The company have also announced a premium EV brand, Zeekr, that will rival Tesla. The announcement came amid concerns in China about Tesla’s onboard cameras. Chinese officials have been banned from owning Tesla.
Of all the companies on this list, Canoo is perhaps the one that is breaking with tradition in the most startling of ways. The American company, based in Los Angeles, has designed a fleet featuring a minivan, a pickup, and a multi-purpose delivery vehicle.
The difference with Canoo is that their vehicles will not be available for lease or buy. Instead, they will be accessible via a monthly subscription service.
Inevitably, this subscription service will occur largely online and the young company, having only been founded in 2017, will leverage its digitally born background to deliver this new sales model to the market.
Next on this list is the Polestar range. Polestar is a subsidiary brand of Volvo, which in turn, is a subsidiary brand of Geely. Polestar are taking digital transformation to a new level with built in Android Automotive OS.
The car will feature built-in Google Maps, Assistant and Automotive Play Store where you can download popular, travel apps such as Spotify.
This is just the start of an approaching era of software-automotive cooperation and with Project Titan, Apple’s electric car project, becoming public knowledge, it seems the future of automotive is going to be a lot more interconnected, and futuristic.
Nikola is rivalling Tesla in all including name. The American company, based in Arizona, was founded in 2014 and has been presenting various zero-emission vehicle concepts since 2016. Nikola, unlike its rival Tesla, uses a hydrogen fuel cell car which many believe is faster to fuel, has a longer range, is lighter and has zero emissions.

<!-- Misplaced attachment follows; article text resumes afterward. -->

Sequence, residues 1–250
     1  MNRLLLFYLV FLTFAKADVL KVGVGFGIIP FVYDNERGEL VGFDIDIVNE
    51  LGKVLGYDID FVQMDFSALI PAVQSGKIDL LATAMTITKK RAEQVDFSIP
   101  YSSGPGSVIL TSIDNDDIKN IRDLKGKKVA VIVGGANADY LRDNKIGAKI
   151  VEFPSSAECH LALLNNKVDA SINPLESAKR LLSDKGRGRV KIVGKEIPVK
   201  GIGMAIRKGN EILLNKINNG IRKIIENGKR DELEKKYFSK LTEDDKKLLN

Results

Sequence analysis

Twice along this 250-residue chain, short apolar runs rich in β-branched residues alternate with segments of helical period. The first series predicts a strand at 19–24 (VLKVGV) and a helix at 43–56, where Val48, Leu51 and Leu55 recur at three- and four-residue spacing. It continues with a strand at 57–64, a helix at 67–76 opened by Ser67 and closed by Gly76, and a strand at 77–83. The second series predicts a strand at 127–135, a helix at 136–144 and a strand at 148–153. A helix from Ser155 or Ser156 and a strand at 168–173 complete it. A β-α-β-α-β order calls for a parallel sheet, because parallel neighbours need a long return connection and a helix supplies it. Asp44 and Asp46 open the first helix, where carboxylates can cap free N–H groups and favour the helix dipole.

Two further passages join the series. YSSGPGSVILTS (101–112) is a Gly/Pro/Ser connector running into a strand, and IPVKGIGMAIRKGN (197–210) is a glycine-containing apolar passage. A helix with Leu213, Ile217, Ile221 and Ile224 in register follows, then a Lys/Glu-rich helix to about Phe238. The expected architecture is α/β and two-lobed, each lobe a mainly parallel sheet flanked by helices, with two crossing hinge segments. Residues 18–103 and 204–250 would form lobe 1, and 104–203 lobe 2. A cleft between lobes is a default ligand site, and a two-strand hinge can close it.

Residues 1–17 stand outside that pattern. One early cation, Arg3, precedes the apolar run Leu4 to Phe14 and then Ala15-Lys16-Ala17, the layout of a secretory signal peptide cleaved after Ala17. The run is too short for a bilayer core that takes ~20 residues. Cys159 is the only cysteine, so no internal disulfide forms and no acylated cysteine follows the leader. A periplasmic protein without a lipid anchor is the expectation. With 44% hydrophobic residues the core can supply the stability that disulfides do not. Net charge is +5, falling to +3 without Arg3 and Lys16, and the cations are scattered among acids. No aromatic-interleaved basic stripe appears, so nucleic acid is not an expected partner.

Nikola offer a range of commercial products including the Nikola One and Nikola Two. These are class-8 hydrogen-electric trucks, the difference between the trucks is that the
Nikola Two features a sleeper cab.
The problem faced by Nikola is the current lack of hydrogen fuelling stations. Building fuelling infrastructure is vital to getting the business up and running but will require huge efforts and investment. However, with a digital strategy,
they may be able to get this infrastructure in place quicker than expected.
They have partnered with Norwegian hydrogen supplier Nel Asa to create a worldwide hydrogen fuelling network interlinked by Nikola digital infrastructure.
Vehicle to Grid
The EV space is filling up quickly and, whilst an “EV space race” between the largest of the Chinese and US EV brands rages on, there are exciting developments occurring at the edges of the ecosystem.
Nissan, national Grid as well as EDF Energy, are building the infrastructure that will be needed to maintain the grid when most cars require electric charging. The decentralised infrastructure, known as V2G, will act as a huge, decentralised power station and share energy among vehicles and the grid during peak times.
The EV space is swelling and expanding at an alarming rate and it is an exciting time to be both participant and spectator. Thanks for reading this post about the digitally native EV companies that are bringing the fight to Tesla. Stay tuned for more content.